NASA Infrared Imagery Sees Tropical Storm Chaba Grow from Tropical Depression 16W

Chaba's coldest cloud tops indicated strong convection around the south and western edges of the center. › View larger image
NASA's Aqua satellite passed over Chaba on Sunday, Oct. 24 at 17:11 UTC (1:11 p.m. EDT) and captured this infrared image of the storm's cold cloud tops. Chaba's coldest cloud tops were as cold as or colder than -63 Fahrenheit (purple) indicating strong convection around the south and western edges of the center.
Image Credit: NASA/JPL, Ed Olsen
Tropical Depression 16W in the Pacific Northwest grew into Tropical Storm Chaba over the past weekend, infrared imagery from NASA revealed powerful thunderstorms around Chaba's center.

Tropical Storm Chaba is now located about 525 nautical miles south-southeast of Kadena Air Base, Okinawa, Japan.

On October 25 at 1500 UTC (11 a.m. EDT) Chaba had maximum sustained winds near 60 knots (xx mph). It was still in open waters of the western North Pacific Ocean, near 18.3 North and 129.7 East. It was moving northwestward near 9 mph, and generating 19 foot-high seas.

NASA's Aqua satellite passed over Chaba on Sunday, Oct. 24 at 17:11 UTC (1:11 p.m. EDT) and captured an infrared image of the storm's cold cloud tops with th e Atmospheric Infrared Sounder (AIRS) instrument. At that time, Chaba's coldest cloud tops were as cold as or colder than -63 Fahrenheit indicating strong convection around the south and western edges of the center. The colder the thunderstrorm cloud tops, the higher the storms, and the stronger the thunderstorms.

Water vapor satellite imagery showed banding of thunderstorms with deep convection (rapidly rising air that forms the thunderstorms that power a tropical cyclone) along the southern and western edges of the center of circulation. The Joint Typhoon Warning Center forecasts Chaba to continue intensifying as the wind shear decreases over the next couple of days.

Text Credit: Rob Gutro
NASA Goddard Space Flight Center, Greenbelt, MD



October 22, 2010

NASA Sees Tropical Depression 16W in NW Pacific's Open Waters

Image of Tropical Depression 16W's cold thunderstorms was taken from NASA's Aqua satellite on Oct. 21. › view larger image
This infrared image of Tropical Depression 16W's cold (purple and blue) thunderstorms was taken from NASA's Aqua satellite on Oct. 21 at 1641 UTC (12:41 p.m. EDT). The purple areas indicate high, cold thunderstorm cloud tops colder than -65 Fahrenheit.
Image Credit: NASA/JPL, Ed Olsen
The sixteenth tropical depression of the Northwestern Pacific hurricane season is over open waters this weekend and no threat to land. NASA's Aqua satellite captured infrared data on the storm's cold clouds as it passed overhead from space.

Tropical Depression 16W's (TD16W) maximum sustained winds were near 29 mph on Oct. 22 at 1500 UTC (11 a.m. EDT). TD16W was about 755 nautical miles southeast of Kadena, Japan near 17.2 North and 136.7 East. It was moving westward near 13 mph, and generating waves 10 feet high.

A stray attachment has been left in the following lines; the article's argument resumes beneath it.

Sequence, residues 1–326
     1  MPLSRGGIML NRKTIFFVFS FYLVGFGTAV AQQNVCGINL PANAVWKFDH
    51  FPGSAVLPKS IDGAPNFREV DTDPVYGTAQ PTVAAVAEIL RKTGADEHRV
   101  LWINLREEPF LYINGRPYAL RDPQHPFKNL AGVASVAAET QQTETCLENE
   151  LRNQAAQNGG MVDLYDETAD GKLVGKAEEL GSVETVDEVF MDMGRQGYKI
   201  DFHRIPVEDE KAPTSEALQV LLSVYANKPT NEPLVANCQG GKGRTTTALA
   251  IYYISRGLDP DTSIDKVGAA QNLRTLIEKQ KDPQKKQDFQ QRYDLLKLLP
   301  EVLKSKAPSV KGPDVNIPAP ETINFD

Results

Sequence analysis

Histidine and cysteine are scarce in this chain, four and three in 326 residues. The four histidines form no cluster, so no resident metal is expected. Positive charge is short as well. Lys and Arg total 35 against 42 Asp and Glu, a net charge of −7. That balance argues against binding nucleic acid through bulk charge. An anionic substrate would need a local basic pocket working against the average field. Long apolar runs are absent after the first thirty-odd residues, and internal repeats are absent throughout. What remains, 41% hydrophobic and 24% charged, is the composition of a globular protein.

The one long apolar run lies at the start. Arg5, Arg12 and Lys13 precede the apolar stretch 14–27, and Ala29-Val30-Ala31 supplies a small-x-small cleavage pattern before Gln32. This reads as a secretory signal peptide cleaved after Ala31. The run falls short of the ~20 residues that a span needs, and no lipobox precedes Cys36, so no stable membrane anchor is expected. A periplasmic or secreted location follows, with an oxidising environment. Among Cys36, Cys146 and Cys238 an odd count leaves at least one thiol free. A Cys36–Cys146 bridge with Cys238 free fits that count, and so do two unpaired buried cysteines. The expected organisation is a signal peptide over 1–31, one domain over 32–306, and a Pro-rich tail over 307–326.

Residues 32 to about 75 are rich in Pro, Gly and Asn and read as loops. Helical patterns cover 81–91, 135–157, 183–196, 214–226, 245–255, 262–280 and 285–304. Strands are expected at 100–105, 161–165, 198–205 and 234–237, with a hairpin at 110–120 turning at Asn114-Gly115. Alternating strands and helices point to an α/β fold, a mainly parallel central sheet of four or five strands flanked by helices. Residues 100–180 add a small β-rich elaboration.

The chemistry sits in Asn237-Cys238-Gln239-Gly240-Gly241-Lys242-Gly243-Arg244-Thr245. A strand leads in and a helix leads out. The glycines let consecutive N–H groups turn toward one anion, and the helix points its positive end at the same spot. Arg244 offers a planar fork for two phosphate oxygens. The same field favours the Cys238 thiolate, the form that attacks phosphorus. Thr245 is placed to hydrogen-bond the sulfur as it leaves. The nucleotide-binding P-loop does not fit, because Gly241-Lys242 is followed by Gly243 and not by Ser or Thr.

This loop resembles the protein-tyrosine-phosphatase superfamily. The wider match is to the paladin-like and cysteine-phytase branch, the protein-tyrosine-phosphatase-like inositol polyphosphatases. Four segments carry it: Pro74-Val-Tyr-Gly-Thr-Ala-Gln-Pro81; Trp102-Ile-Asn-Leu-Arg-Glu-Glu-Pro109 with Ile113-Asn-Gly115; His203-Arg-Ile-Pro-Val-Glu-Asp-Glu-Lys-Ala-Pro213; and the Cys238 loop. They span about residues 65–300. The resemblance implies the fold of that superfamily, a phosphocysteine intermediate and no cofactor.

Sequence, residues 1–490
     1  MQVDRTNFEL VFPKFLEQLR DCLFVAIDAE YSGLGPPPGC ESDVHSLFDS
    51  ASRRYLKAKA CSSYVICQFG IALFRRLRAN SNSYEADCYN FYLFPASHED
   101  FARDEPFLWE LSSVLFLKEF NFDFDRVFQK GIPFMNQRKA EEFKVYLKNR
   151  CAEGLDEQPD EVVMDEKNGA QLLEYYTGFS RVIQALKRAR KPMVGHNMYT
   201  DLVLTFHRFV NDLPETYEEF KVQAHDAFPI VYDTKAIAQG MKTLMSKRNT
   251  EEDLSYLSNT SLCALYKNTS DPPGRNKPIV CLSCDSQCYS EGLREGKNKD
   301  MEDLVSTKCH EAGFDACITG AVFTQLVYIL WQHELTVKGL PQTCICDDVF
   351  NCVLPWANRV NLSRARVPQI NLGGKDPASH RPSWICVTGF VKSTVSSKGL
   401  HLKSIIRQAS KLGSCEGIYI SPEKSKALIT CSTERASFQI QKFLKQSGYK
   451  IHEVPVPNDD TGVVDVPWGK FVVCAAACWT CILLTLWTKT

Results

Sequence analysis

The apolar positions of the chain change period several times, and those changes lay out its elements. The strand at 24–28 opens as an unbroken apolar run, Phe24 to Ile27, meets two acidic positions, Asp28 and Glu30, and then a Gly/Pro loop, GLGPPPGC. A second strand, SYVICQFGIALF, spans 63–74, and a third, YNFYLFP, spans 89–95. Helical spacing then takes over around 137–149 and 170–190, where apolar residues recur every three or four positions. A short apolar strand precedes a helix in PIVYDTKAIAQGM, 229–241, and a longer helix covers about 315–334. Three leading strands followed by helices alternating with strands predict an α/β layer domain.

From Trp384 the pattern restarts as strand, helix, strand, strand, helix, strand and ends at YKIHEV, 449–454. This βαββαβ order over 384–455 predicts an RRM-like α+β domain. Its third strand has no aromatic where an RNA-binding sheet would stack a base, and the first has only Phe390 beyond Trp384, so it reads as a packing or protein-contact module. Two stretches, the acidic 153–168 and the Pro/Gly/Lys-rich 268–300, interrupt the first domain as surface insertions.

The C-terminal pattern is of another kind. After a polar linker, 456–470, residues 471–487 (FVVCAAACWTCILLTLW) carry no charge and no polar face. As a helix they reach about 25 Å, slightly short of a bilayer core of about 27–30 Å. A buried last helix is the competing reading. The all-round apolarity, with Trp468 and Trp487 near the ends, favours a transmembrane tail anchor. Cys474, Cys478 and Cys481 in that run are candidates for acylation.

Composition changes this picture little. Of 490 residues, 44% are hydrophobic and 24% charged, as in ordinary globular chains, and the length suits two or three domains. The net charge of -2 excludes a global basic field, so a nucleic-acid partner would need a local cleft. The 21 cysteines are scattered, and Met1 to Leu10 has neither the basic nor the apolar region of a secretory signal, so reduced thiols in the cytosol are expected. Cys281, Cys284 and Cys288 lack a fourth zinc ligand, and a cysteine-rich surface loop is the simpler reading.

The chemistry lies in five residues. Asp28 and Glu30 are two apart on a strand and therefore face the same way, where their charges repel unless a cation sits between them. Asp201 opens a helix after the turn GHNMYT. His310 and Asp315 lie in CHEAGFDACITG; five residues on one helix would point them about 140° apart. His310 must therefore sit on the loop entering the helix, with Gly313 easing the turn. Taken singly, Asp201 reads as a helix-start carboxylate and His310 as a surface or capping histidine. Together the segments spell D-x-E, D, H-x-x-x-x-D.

The Atmospheric Infrared Sounder (AIRS) instrument uses infrared technology to take a tropical cyclone's temperature. AIRS sits on NASA's Aqua satellite and captured an image of those cloud top temperatures of Tropical Depression 16 W on Oct. 21 at 1641 UTC (12:41 p.m. EDT) revealing some strong thunderstorms colder than -65 Fahrenheit, mostly south of the center.

Satellite data indicates that the low-level circulation center has been exposed to outside winds, and that's a hint that the storm could weaken more in the short term. The deepest or strongest convection (rapidly rising air that forms the thunderstorms that power the depression) are now south of the center of circulation.

The Joint Typhoon Warning Center, the organization that forecasts tropical cyclones in that part of the world, noted that the upper level atmospheric conditions are forecast to improve within the next few days, which will allow TD16W to organize and intensify, assuming it holds together.

By mid-week next week the island of Kadena is expected to feel some of the depression's effects as it moves in that direction.

Text Credit: Rob Gutro
NASA Goddard Space Flight Center, Greenbelt, MD


October 21, 2010

NASA's Aqua Satellite Sees New Tropical Depression 16W in Western Pacific

Tropical Depression 16W over the Northern Marianas Islands and Guam on Oct. 20 at 15:59 UTC (11:59 a.m. EDT). › View larger image
This infrared image from the AIRS instrument on NASA's Aqua satellite shows the developing Tropical Depression 16W over the Northern Marianas Islands and Guam on Oct. 20 at 15:59 UTC (11:59 a.m. EDT). It has since moved west into the open waters of the Pacific.
Image Credit: NASA/JPL, Ed Olsen
NASA's Aqua satellite passed over a low pressure area that was bringing some rain to the Northern Marianas Islands in the Pacific, and it has now strengthened into a tropical depression.

Tropical Depression 16W formed in the Western Pacific Ocean at 1500 UTC (11 a.m. EDT) on Oct. 2 about 460 nautical miles south of Iwo To, near 17.2 North and 140.9 East. It was moving northwestward near 5 mph, and had maximum sustained winds near 29 mph.

When NASA's Aqua satellite passed over the low, it captured an image from the Atmospheric Infrared Sounder (AIRS) instrument that showed the developing Tropical Depression 16W over the Northern Marianas Islands and Guam on Oct. 20 at 15:59 UTC (11:59 a.m. EDT). It has since moved west into the open waters of the Pacific.

The depression is expected to strengthen because it is in an area of low wind shear and warm sea surface temperatures. It will remain far south of Iwo To, and by Oct. 23 is forecast to start turning to the west-northwest.

Text Credit: Rob Gutro
NASA Goddard Space Flight Center, Greenbelt, MD